Not only was I seriously impressed with the gnocchi quality on my first ever attempt, I was also really impressed with the simplicity. The gnocchi only has 6 ingredients (sweet potato, ricotta, parmesan, nutmeg, salt, and whole wheat flour) and it came together pretty quickly. You roll out the dough, cut it into little dumplings, add some fork indentations if you want to get fancy, and boil them for 4 minutes or so. And then you are left with the most delicious, tender, sweet potato gnocchi–I’m actually getting sad writing this because there are not leftovers.
Nutritional Highlights: By swapping regular potato and white flour for sweet potato and whole wheat flour, you up the fiber and nutrients in a big way. Sure, there is parmesan and ricotta all up in there, but they are necessary. The key is also keeping the sauce light–I just used a simple mix of olive oil, garlic, and a tiny tiny bit of butter. I also added baby spinach, toasted pecans, and pomegranate seeds to add a little extra color, texture, and nutrients.
Picture 8
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Sweet Potato Gnocchi with Pomegranate, Pecans, and Spinach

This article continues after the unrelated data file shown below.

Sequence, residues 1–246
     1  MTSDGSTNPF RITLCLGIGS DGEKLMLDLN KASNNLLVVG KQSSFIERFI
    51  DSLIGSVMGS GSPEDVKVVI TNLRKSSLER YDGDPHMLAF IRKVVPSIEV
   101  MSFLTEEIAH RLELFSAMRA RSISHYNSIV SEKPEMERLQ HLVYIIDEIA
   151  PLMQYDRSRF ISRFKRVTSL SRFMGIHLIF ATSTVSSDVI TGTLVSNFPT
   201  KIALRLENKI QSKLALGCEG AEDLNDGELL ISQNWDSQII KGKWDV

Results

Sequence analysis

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What’s in it:

For the Gnocchi:
– 2 cups mashed sweet potatoes (from about 2 large or 3 small sweet potatoes)
– 8-ounces fresh ricotta cheese, drained in sieve or wrapped in paper towel to remove liquid
– 2/3 cup finely grated Parmesan cheese
– 1 tablespoon brown sugar
– 1 teaspoon salt, plus more for the pasta water
– 1/2 teaspoon ground nutmeg
– 1 1/2 – 2 cups whole wheat pastry flour

For the sauce:
– 2 tablespoons olive oil
– 1 tablespoon butter (it’s OK, I swear)
– 2 large cloves of garlic, minced
– 3 cups baby spinach
– 1/4 cup chopped toasted pecans
– 1/4 cup pomegranate seeds

How to make it:

1. Cook sweet potatoes. You can use any method you like, but I punctured them several times with a fork and microwaved for about 10 minutes, flipping them halfway through. Baked potatoes work fine as well. Scoop out the flesh of the potatoes and transfer to a large bowl and mash.
2. To drain the ricotta, I wrapped it in several paper towels and squeezed out as much liquid as possible. Add the ricotta to the mashed sweet potato and mix well.
3. Add the Parmesan cheese, brown sugar, salt, and nutmeg and mash to blend.
4. Mix in the flour, about 1/2 cup at a time, until soft dough forms. I ended up using 1 1/2 cups.
5. Transfer the dough onto a floured surface and cut into 6 pieces. Roll the dough in your hands to form long thin ropes that are about 1 inch in diameter. If it gets too sticky, sprinkle with additional flour or coat your hands in flour. Cut the ropes into about 1 inch pieces and indent each one with a fork. Transfer to a parchment lined baking sheet. (You can stop at this point and refrigerate the gnocchi until you’re ready to cook them.)